asked the Ministry of Agriculture, Fisheries and Food what assessment he has made of the effect on the relative levels of incidence of the co-responsibility tax on cereal producers in (a) the United Kingdom and (b) in other continental countries of (i) the proposed exemption of farmers producing less than 25 tonnes and (ii) the proposed exemption of all inter-farming trade; and if he will make a statement on the implications of the current proposals for United kingdom cereal producers.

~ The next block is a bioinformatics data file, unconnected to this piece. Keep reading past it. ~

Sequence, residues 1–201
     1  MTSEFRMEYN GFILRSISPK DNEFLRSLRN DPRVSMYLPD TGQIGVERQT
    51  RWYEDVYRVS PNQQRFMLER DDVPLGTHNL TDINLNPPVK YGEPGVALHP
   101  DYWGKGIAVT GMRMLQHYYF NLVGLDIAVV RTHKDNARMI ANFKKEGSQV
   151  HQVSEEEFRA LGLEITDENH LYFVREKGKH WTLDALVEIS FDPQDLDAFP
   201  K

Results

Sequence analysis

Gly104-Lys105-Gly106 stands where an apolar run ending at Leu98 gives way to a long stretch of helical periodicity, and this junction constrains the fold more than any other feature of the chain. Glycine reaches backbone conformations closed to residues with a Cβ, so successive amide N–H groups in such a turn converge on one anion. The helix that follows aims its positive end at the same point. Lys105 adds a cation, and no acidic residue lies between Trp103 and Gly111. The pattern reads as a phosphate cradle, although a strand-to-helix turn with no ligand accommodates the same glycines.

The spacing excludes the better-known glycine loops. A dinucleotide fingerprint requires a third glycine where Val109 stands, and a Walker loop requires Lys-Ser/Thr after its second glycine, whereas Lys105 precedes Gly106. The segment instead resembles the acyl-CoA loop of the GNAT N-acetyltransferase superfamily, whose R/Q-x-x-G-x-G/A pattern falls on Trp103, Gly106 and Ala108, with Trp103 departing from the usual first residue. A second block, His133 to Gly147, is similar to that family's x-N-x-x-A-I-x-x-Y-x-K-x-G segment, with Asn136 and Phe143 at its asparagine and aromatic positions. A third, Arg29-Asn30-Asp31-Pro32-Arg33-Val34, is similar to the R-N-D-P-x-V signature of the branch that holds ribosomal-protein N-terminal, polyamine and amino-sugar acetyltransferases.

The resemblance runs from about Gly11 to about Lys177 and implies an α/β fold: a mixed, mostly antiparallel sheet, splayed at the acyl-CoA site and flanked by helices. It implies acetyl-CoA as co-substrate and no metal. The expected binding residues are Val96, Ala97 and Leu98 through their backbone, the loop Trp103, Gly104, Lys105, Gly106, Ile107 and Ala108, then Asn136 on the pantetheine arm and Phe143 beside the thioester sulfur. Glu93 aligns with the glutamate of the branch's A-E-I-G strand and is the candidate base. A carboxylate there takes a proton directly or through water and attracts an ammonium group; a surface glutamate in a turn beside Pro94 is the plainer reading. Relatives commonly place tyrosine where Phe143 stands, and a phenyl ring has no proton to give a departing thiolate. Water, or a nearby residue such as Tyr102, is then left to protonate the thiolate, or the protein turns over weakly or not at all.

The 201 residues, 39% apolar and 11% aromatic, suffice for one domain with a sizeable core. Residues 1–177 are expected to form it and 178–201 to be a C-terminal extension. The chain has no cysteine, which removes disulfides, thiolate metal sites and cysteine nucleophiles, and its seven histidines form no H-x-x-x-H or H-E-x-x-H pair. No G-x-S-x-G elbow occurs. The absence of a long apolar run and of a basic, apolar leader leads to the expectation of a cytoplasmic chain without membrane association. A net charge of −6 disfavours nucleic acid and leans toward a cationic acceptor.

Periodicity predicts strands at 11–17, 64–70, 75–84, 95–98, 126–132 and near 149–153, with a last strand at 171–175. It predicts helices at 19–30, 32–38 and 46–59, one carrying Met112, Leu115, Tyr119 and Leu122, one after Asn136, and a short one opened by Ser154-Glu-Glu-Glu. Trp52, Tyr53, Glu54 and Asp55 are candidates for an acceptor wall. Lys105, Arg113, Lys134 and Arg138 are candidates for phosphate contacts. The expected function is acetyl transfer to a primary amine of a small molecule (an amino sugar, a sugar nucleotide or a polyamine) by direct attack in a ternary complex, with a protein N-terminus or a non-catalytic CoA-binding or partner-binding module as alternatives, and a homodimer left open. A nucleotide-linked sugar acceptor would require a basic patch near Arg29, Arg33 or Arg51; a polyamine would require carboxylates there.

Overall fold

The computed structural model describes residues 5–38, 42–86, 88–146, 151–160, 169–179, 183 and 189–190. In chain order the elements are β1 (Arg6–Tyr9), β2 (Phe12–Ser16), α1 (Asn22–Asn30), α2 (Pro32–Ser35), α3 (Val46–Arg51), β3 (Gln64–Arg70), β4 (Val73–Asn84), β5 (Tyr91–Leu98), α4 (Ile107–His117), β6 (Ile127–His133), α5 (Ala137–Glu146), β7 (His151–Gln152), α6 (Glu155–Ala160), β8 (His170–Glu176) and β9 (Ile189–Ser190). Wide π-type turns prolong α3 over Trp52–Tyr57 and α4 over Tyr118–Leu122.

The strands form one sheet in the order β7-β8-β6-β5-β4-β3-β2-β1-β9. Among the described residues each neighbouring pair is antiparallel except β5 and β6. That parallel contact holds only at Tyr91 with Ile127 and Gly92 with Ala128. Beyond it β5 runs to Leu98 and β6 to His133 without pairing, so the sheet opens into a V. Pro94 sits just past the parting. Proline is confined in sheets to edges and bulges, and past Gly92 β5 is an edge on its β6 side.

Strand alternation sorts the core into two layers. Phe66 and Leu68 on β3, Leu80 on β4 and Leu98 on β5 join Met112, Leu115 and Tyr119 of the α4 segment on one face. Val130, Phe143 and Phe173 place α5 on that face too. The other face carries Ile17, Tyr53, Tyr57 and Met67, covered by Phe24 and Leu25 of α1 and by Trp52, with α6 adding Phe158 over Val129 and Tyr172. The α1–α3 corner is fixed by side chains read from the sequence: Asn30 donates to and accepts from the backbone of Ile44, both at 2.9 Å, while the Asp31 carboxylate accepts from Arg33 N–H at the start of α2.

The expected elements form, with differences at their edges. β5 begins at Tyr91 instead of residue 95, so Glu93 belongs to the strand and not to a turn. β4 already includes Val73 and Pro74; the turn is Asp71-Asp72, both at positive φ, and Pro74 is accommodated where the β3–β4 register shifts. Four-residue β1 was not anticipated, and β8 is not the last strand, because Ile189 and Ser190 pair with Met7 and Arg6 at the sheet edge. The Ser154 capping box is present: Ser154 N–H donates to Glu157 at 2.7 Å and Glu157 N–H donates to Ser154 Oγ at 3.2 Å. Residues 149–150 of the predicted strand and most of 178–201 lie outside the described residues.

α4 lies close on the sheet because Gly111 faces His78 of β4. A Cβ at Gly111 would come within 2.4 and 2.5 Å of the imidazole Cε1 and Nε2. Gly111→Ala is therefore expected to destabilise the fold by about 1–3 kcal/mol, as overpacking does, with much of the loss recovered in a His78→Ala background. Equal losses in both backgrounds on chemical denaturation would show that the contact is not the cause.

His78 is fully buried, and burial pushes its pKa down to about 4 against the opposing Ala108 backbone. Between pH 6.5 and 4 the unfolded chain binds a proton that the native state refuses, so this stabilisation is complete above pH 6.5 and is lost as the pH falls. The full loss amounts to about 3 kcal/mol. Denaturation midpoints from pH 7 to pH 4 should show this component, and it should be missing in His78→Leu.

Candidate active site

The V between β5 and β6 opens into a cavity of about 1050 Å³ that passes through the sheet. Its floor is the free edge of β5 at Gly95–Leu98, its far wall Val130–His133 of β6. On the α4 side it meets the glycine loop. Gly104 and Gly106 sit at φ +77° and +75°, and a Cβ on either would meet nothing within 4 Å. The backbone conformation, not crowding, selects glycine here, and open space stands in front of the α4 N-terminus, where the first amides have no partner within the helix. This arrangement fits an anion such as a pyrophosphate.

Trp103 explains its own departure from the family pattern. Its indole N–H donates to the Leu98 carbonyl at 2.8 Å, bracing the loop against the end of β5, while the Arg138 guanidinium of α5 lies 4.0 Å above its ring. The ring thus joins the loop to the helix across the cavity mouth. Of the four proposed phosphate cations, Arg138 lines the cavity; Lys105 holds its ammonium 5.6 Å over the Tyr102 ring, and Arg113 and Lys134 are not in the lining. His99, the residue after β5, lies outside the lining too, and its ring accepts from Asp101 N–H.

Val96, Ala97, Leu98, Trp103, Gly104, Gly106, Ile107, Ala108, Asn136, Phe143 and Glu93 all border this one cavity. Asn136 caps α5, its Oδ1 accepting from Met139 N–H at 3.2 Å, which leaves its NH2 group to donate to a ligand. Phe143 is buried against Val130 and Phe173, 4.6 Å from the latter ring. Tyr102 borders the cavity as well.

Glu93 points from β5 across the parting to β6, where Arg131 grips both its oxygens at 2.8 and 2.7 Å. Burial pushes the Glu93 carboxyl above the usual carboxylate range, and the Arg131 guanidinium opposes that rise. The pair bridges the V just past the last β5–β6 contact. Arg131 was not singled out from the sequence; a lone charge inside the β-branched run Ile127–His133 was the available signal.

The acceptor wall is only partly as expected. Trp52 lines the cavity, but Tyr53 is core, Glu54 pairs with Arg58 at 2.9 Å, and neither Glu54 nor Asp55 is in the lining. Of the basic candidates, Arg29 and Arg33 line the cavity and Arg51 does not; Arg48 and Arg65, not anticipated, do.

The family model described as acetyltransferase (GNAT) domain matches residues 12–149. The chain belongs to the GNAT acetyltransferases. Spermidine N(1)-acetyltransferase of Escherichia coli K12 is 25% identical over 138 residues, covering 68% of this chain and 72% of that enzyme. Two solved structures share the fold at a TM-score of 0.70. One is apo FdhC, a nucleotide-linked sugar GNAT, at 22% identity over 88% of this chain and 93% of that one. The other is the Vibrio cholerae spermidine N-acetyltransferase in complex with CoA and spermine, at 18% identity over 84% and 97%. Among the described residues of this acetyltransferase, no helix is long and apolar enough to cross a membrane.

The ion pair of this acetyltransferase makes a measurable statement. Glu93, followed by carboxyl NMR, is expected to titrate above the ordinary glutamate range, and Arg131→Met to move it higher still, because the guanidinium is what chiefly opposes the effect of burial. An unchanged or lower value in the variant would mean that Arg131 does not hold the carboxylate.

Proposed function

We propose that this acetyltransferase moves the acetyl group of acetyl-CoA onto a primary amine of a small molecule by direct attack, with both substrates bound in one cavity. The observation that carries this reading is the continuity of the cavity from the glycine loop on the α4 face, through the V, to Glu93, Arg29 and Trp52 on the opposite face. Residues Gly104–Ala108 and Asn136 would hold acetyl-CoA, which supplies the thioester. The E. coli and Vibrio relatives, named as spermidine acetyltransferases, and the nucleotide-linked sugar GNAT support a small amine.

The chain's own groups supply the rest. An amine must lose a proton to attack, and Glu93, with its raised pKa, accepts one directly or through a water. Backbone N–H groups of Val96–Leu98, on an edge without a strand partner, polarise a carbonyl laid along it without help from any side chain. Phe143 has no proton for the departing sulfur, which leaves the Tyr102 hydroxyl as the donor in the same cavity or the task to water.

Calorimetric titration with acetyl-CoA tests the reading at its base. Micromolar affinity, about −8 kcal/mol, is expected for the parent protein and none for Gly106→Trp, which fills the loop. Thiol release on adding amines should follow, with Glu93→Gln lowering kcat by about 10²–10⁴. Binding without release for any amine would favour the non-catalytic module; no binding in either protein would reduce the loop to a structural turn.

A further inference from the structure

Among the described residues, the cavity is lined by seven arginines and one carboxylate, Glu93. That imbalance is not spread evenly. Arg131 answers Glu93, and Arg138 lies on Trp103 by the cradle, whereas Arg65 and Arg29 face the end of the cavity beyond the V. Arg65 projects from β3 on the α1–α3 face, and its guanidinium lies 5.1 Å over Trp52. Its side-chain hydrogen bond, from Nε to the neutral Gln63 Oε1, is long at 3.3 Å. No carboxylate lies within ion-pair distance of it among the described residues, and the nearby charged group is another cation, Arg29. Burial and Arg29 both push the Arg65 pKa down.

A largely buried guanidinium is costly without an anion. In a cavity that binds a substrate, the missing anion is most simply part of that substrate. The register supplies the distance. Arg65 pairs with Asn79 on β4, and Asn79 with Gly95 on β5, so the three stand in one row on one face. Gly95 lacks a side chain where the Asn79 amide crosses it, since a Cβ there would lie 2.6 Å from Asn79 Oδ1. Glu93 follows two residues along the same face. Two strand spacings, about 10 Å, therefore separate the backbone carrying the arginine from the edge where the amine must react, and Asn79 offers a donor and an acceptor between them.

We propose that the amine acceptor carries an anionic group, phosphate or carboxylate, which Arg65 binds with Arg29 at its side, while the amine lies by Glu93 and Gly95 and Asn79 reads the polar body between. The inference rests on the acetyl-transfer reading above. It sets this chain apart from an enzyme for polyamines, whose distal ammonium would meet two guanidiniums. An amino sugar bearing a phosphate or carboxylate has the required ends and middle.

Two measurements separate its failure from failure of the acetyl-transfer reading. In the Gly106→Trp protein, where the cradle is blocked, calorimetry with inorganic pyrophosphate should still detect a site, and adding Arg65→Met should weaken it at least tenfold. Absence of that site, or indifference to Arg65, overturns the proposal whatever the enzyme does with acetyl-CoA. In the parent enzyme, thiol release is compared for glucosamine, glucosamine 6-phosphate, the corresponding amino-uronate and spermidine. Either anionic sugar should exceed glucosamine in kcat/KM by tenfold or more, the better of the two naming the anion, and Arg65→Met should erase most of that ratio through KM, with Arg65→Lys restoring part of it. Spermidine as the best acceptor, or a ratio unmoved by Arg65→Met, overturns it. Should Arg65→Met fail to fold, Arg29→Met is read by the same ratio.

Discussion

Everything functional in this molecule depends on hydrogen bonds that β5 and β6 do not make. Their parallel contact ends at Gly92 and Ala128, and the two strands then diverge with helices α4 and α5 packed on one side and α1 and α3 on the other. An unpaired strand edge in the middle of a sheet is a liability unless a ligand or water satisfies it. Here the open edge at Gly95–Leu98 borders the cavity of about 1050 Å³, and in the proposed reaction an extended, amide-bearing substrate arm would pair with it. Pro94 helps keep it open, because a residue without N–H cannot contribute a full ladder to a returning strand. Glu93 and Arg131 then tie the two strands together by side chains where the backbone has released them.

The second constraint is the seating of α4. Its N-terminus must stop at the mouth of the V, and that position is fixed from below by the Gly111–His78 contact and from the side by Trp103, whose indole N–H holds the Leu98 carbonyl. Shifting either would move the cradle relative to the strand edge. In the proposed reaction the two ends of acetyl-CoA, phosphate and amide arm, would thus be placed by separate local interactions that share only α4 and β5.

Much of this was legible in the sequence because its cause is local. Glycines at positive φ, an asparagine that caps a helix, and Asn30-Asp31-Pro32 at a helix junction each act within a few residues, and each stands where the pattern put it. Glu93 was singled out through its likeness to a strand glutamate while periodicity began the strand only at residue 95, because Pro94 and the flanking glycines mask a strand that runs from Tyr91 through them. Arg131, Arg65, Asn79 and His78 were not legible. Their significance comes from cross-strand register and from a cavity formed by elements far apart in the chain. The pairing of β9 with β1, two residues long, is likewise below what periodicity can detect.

The Commission suggests a co-responsibility levy on sales of cereals off the farm, from which the first 25 tonnes would be exempt. Many details need to be clarified.No information is available about sales of cereals from individual farms in the Community. But aggregate data provided by the Commission for 1984–85 suggest that about one quarter of cereals production in the EC Ten was not sold off the farm of production: the equivalent figure for the United Kingdom was about one-eighth. If this information is combined with that available from the 1979–80 EC structure survey, it can be estimated that approximately a further quarter of production in the Community of Ten might be exempted by a levy-free allowance of 25 tonnes, compared with roughly one-tenth in the United Kingdom. Thus the proportion of total EC Ten production subject to levy might be about one half compared with about three quarters for the United Kingdom.I must emphasise that these are very broad approximations dependent on several arbitrary assumptions: they take no account of how producers might adjust the proportion of sales after imposition of the levy. No data are available for Spain and Portugal.